A wide shot of the Andes Mountains with a snow covered Mt. Ausangate in the center. The 2020 team of eleven are hiking in the foreground on a beautiful day.

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What fuels your determination and resiliency?
13 Mar
By 2020Visionquest
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Randy Pierce, Tedy Bruschi, and Rodney Andre the day prior to the 2019 Boston Marathon.

Randy Pierce, Tedy Bruschi, and Rodney Andre the day prior to the 2019 Boston Marathon.

Autumn, a black and tan lab in the grass next to an empty harness.

We miss you, Autumn!

As someone with fairly ordinary physical gifts, I have been asked many times how I have frequently accomplished things many might list in the extraordinary category. I often lean on the determination and resiliency I’ve continuously developed to aid in my achievements in all facets of my life. I believe that the “practice makes progress” mentality includes the strides we can all make in both determination and resiliency. As such, finding a source for them which works for each of us is important.

I’m presently attempting to run a half-marathon every single day in March in order to support Tedy’s Team in the Miles for Meaning challenge. In April, I will undertake a similar goal as Team with a Vision raises their charitable bar for MABVI/United in Stride in a Coast to Coast distance challenge. Both of these experiences will require the endurance and dedication to push myself and likely manage moments of adversity several times throughout.

How will I fuel this? I often refer to it as the power of purpose. In each case, there is significant meaning behind the causes for which I’m undertaking any action. When I can connect my difficult action to something I value, I’m on the path of motivation.  My own health; helping support and encourage stroke awareness, prevention, and comebacks; blind training and services are just some of the above examples. What is the purpose in each of our lives and how can we connect it to things we want to accomplish?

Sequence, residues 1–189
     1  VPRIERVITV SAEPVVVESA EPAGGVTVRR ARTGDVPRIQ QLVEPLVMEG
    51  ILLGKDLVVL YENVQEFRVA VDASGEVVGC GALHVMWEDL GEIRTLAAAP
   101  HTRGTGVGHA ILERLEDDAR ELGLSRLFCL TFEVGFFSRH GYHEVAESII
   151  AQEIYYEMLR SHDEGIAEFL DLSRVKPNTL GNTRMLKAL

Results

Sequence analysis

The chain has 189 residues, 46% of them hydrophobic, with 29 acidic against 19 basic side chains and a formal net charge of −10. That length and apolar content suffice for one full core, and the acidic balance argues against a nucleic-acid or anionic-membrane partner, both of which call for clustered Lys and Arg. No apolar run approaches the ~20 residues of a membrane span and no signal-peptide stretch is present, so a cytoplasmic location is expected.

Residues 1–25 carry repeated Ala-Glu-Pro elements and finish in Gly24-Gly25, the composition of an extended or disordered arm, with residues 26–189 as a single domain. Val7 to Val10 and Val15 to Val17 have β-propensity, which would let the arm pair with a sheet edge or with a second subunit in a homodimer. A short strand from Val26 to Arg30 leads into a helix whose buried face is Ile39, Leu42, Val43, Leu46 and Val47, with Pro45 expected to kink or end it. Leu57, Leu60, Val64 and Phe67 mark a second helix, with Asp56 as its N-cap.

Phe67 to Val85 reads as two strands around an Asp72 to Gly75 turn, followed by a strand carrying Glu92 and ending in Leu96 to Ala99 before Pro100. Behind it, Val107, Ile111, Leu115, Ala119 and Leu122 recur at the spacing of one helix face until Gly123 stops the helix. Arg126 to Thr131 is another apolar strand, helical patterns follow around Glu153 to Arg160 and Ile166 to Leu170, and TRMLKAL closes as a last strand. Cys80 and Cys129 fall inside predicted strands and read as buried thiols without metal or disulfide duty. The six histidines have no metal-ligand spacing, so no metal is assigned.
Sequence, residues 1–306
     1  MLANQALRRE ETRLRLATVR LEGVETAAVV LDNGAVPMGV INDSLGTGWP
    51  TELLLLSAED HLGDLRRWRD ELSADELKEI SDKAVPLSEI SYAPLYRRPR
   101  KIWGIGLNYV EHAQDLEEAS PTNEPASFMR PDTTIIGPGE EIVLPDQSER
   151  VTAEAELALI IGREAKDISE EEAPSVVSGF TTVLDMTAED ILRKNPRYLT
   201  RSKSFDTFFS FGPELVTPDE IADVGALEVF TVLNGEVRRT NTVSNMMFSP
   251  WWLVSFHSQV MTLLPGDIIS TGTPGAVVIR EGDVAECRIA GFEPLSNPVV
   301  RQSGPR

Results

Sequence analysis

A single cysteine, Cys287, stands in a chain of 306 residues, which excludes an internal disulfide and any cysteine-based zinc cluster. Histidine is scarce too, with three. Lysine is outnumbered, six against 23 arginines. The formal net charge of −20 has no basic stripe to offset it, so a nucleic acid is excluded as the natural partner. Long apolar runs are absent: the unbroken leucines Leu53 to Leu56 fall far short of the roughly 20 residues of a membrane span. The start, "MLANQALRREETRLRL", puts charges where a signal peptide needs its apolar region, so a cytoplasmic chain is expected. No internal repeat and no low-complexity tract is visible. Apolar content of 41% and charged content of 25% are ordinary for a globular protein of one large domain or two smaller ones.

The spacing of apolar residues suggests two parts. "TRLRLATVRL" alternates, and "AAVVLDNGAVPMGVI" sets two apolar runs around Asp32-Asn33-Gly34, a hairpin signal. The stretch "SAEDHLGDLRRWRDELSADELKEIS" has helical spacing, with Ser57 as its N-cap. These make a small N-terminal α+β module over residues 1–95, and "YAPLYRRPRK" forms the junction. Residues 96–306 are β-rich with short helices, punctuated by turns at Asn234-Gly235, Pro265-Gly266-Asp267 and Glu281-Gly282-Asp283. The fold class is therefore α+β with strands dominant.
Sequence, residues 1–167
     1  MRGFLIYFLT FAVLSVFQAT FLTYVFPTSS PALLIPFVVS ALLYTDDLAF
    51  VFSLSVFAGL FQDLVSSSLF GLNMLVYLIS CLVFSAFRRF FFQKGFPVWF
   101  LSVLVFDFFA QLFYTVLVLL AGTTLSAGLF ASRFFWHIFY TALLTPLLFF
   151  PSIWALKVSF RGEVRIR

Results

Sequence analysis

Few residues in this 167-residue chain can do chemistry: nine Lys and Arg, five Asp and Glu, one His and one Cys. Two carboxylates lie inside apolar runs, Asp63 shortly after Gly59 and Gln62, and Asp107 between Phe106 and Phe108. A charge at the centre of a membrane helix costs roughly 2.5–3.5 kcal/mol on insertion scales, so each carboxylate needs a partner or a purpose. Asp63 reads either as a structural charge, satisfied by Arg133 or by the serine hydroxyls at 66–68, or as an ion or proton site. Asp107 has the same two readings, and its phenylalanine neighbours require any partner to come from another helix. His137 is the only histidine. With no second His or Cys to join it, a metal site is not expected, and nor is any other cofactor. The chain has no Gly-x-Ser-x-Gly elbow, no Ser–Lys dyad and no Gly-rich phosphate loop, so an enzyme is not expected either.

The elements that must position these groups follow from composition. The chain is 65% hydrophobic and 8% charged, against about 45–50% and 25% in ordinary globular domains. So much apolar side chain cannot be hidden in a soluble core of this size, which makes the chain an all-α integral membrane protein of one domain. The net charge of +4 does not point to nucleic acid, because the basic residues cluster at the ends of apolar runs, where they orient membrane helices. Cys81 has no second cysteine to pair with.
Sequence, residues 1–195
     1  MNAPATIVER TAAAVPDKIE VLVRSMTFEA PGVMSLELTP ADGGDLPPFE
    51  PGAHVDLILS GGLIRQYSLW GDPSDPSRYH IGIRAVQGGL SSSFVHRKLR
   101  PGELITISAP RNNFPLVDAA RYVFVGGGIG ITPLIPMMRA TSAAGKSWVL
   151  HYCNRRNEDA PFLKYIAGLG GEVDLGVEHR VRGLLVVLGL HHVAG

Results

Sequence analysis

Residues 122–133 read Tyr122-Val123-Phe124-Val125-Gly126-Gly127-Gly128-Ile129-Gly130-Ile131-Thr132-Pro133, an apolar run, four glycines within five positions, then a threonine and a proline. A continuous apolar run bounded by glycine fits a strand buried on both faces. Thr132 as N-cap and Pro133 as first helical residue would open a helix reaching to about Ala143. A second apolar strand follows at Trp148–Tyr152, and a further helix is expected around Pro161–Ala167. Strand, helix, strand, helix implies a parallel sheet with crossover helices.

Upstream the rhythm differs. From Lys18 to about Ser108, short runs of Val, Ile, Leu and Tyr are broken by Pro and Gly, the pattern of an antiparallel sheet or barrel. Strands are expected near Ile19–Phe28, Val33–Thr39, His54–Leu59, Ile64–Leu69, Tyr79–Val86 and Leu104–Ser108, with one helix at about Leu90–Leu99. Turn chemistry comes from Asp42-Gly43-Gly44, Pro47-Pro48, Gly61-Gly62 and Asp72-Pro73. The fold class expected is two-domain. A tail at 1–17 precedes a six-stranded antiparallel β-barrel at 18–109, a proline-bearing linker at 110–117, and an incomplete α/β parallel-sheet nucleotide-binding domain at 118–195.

When Autumn’s tragic death preceded my September 7 virtual marathon by just two days, I could have quit or delayed very understandably. Instead, I chose to dedicate the effort to our bond and all the love, joy, and partnership we shared throughout her life. In every moment of struggle, I turned the inner voice of doubt in my head to a reminder of how much I valued her and wanted to demonstrate my appreciation. The result was my fastest and strongest marathon ever.

This is not always a reactive choice either but a proactive approach to resiliency. March 16 is the anniversary of my match with Autumn and this time is the first year we do not celebrate together. I knew the day has the potential for challenge. I know also it will be a day I pass the half way point on my half-marathon per day support of Tedy’s team. I’ll be using my passion for Tedy’s cause and my celebration of Autumn in partnership to help me deal with the difficult parts of the day. Resiliency requires knowing where you are and where you want to go. I know I’ll likely be in some emotional struggle and I’ve given myself something positive to focus my thoughts and actions which will involve my sweet girl and allow me to appreciate our bond as it fuels me through my goal.

What are you passionate about? What is your purpose and how do you feel the positivity of knowing you can matter in this world? How can you use those answers to fuel you through your challenges?

Be well,
Randy Pierce

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